Local Authorities Challenged on Urban Environmental Management


By Engel Nawatiseb


The vice president of the Association of Local Authorities in Namibia (ALAN) has appealed to local authorities countrywide to devise policies and subsequently implement prioritised projects in line with the Rio de Janeiro (Brazil) summit declaration of 1992 aimed at introducing the Local Agenda 21.

Pio Nganate urged local authorities to share the successes of the Integrated Environmental Policy that forms part of the “Walvis Bay Local Agenda 21” project sponsored at an estimated cost of N$17,5 million through the Danish Cooperation for Environmental Development (Danced) during 2001.

Nganate said the project’s goal was to study and develop a framework to manage the coastal fragile and valuable natural environment.

He told New Era that the project was developed in line with the principles of the Rio de Janeiro Earth Summit, which agreed that all levels of society be involved through dialogue and cooperation in the re-use and conservation of natural resources as well as the need to assess the environment and its management in relation to economic and social conditions.

The vice president stressed that it was critical for local authorities to develop an environmental policy, strategy and management action plan and to carry out environment assessment in order to gain a full and authoritative understanding of the natural processes and human impact on identified localities.

“Disappointingly, we have realised that most local authorities have turned a blind eye on the summit principle, hence our vigorous campaign to relive the need for the implementation of Local Agenda 21 countrywide. If we were able to succeed, all of us can yield similar positive results,” he stressed.

Nganate said the need for community involvement during the consultative process aimed at identifying sustainable environmental projects.

He said the community should not view the Local Agenda 21 as an indistinct, distant process that will have no impact on their lives.

He noted that the development of excellent initiatives could easily fail to achieve any significant results if community stakeholders are left in the dark.

Nganate added that the various local authorities could employ the expertise of the Danish company, COWI Consulting Engineers and Planners in conjunction with the Namibia Habitat Research centre that are currently instrumental partners acting as local project consultants and coordinators of projects featuring under the Local Agenda 21. The Human Resources Manager at the Tsumeb Municipality, Elisa Nashixwa, told New Era that her institution developed the Tsumeb Local Agenda 21 in 1998 but could not implement the bulk of the identified projects due to financial constraints. She said her institution was among the first local authorities in the country, which took a flexible position towards the implementation of the Local Agenda 21.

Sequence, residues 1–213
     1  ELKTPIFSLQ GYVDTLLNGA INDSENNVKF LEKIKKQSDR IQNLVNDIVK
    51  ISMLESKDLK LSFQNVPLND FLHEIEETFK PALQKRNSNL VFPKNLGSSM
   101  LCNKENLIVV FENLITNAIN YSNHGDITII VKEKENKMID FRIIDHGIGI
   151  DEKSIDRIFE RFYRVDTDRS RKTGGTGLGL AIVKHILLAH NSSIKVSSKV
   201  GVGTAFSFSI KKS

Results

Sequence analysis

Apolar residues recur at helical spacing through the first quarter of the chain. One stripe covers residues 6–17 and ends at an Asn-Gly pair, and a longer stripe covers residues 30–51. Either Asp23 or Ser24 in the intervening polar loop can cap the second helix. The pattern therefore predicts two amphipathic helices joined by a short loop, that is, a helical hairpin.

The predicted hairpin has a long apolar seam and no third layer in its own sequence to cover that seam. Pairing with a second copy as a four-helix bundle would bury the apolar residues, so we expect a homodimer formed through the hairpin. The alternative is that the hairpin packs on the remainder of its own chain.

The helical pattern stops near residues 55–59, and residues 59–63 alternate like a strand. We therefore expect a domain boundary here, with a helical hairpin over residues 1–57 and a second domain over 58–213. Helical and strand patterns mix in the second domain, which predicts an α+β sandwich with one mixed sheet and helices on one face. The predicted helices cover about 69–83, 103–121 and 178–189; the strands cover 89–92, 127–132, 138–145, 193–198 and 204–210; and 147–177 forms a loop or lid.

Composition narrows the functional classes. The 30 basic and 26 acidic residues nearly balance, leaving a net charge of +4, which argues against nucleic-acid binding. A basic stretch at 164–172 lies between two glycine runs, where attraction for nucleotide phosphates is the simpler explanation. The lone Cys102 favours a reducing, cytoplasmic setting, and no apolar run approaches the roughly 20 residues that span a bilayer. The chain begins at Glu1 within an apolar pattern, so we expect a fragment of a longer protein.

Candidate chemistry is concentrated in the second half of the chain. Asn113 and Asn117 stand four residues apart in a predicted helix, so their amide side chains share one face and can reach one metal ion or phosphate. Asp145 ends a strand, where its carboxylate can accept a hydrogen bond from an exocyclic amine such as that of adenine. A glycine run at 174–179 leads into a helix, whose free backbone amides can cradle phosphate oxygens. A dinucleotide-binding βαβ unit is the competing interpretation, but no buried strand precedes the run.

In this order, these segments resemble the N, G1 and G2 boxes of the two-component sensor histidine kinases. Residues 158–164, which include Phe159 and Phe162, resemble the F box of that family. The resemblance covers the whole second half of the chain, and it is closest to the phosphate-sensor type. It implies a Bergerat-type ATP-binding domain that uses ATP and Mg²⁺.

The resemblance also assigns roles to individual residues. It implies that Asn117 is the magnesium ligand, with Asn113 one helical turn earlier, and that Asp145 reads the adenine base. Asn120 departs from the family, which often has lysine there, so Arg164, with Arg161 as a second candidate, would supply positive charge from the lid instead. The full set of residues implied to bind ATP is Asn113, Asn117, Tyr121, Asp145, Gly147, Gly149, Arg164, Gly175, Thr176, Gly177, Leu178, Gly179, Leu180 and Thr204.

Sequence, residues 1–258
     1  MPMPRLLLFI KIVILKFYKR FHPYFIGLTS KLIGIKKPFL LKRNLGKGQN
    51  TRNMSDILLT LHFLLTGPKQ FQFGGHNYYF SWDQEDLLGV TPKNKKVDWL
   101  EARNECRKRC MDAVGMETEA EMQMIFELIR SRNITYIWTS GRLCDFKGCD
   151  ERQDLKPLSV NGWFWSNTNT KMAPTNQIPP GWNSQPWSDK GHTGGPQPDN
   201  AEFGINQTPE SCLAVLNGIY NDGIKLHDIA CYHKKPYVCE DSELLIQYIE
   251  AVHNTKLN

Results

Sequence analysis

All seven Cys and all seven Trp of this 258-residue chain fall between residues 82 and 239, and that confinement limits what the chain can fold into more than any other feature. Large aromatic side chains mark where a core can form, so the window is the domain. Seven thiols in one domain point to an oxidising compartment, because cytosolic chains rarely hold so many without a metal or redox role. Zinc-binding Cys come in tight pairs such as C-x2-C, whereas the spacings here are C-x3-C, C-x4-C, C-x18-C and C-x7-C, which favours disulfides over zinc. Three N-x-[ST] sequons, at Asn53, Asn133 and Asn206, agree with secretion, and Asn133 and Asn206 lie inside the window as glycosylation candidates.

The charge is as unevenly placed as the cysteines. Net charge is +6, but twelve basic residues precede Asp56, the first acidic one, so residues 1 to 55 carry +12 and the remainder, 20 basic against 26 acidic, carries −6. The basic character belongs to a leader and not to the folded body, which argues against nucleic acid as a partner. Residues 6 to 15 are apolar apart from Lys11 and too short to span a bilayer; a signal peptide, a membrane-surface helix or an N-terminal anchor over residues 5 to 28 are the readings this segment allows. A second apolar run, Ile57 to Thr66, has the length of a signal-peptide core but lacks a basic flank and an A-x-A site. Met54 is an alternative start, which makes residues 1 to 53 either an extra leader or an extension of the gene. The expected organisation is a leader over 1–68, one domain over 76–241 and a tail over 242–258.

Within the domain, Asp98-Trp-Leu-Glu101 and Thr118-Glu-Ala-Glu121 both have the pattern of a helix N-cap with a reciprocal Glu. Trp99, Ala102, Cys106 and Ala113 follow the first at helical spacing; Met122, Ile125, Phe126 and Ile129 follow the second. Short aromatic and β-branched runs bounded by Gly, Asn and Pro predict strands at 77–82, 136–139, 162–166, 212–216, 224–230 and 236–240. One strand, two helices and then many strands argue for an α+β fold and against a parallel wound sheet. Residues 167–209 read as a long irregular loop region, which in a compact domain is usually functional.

“This is the best initiative that could ease the frustration of many unemployed residents through close participation on projects. Now that funding possibilities have been explored through our external partners, our institution would be better placed to be considered above others since our policy is already in place”.

Nashixwa said stakeholders (consultants) will soon be invited to visit the copper town in order to assist the local authority in project assessment and funding possibilities. She said that the Tsumeb municipality would engage in negotiations with the Weatherly mining authorities and other stakeholders to discuss activities that could impact negatively on the town’s environment and means of averting possible environmental threats.

“Our town is globally recognised as the cleanest paradise in the country, therefore we will endeavour to jealously guard against any threat that could discredit our reputation. We are ready to honour the Rio Earth Summit principles as soon as the necessary funding comes our way,” she said.

Nashixwa further appealed to the Government to assist local authorities source the necessary capital to implement the Local Agenda 21 projects.

Meanwhile, Local Authority Councillors in most parts of the Northern regions told New Era that the concept “Local Agenda 21” is relatively new to their local authorities. They said local authorities that are faced with the growing vulnerability of towns, cities and villages as well as the scarcity of resources need to explore opportunities for consensual management of the urban environment with collaboration from urban actors, administrators and inhabitants.

“Our country’s growing population puts additional challenges on local authority leaders in addressing cardinal issues such as urban environmental management. The increasing population not only hikes the demand for municipal services but also puts pressure on our scares natural resources”, they agreed.

The councillors also pointed out that attention should be focussed on training those who are living in disadvantaged areas such as the informal settlements and transit areas.

“Those are the areas that pose the greatest threat of environmental pollution. We need to have clean drinking water and a clean environment to stay healthy as well as clean and fresh air.”

They noted that the main objective of local authorities should be to concentrate on providing instruments and constant training to public and local community leaders that could be employed in managing the developments in their respective settlements.


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